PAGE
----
Many people would tell you that the horror genre was destroyed by rip-offs. They’ll say that they sacrifice originality, that they’re an insult to the great creators, directors and writers who make horror so special. But the reality is that the horror genre has been defined by remakes, sequels and, yes, rip offs.
The film business is a business first and foremost and that’s where the money has always been, in copying what’s come before. Usually, it’s a surefire way to make as much money, if not more, while spending less. For a producer, it’s a no-brainer. It’s expected.
Obviously a rip off is rarely, if ever, as good as an original idea. But just like sequels, there are good ones out there. They might not top the original, but some have come surprisingly close.
Even horror fans tend to generalize The Burning as nothing but a complete rip off of Friday the 13th. The accusations make sense: It’s about a legendary killer who’s treated like a campfire story, killing teenagers at the summer camp where he supposedly died. But despite those similarities, The Burning is an extremely satisfying and well put together slasher. Tom Savini’s gore effects equal, if not top, his work in Friday the 13th. Not to mention, the score is great.
Of all of the post-Jaws animal attack movies, Alligator has to be the best. It’s a better film than I think anyone was expecting it to be. The script by John Sayles is scary, funny, and has genuinely believable and sympathetic characters. Plus, you’ve got a great creature in the form of this giant alligator and they really get their money’s worth out of it. It’s carnage candy. We get to watch this beast rampage through a wedding, we get to see it take out unsuspecting swimmers and the whole concept is based around the age-old urban legend of alligators in the sewers.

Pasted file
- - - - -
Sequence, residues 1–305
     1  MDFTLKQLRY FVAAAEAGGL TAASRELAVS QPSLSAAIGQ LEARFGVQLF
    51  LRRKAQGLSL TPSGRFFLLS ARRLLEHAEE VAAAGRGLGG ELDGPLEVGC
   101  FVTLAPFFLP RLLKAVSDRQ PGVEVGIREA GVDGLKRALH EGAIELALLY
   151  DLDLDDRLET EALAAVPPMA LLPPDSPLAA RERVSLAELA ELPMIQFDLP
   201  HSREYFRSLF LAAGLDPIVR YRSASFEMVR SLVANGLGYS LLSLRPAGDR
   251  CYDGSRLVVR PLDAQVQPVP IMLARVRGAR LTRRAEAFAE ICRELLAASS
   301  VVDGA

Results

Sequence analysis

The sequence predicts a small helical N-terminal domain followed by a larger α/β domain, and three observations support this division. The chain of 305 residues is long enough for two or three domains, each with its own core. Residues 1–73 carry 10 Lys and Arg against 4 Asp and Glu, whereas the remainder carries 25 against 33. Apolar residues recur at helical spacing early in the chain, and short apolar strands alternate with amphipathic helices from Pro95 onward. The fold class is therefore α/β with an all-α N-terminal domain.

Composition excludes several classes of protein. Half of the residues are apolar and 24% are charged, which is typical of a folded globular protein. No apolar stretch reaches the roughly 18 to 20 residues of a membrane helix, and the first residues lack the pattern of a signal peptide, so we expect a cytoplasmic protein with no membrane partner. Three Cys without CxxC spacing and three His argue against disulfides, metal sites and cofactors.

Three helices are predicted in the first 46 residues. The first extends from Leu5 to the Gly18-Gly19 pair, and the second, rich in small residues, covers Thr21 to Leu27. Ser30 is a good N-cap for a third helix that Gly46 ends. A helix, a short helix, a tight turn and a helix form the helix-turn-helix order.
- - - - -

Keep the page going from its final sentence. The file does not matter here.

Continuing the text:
The Exorcism of Emily Rose
Exorcism of Emily Rose followed thirty years after The Exorcist, but the bulk of people still referred to it as a rip off at the time—and many do, even now. That’s because The Exorcist defined exorcism movies so completely that it’s all we really associate them with. Plus, this was really the first big, theatrical, high profile exorcism picture to come along in some time. But it stands on its own and features a unique concept in that you can never be totally sure that Emily is even possessed.
After Paranormal Activity, we found ourselves with a surge of found footage movies that we never thought was going to come to an end. Even now, it’s only just beginning to disappear. Not all of them were bad, but a ton of them were. Of those found footage features, Grave Encounters was easily one of the best. It took the idea of a paranormal TV show that just plays things up for the camera and planted the crew in a location that’s haunted beyond belief. The concept was gold and they ran with it in an impressive way.
Cherry Falls may have some budgetary issues and there are more polished post-Scream slashers out there. But I Know What You Did Last Summer and Urban Legend didn’t try to do much with the slasher concept in the way that Scream had and Cherry Falls really did make the effort. And in that, I actually think it succeeded. There’s a lot of impressive stuff in this movie. The idea of a killer that only targets virgins is a perfect horror trope inversion that would later be revisited in Chastity Bites.
Or Zombi 2 or Zombie Flesh Eaters or whatever you want to call it. It’s an Italian rip off of Dawn of the Dead that in its own country was actually released as a sequel. And it’s gone on to become a zombie classic in its own right, which is kind of amazing. It’s one of the quintessential productions of gore master Lucio Fulci and remains his most recognizable work. It might not be as polished as Dawn, but it is a masterpiece of blood and guts.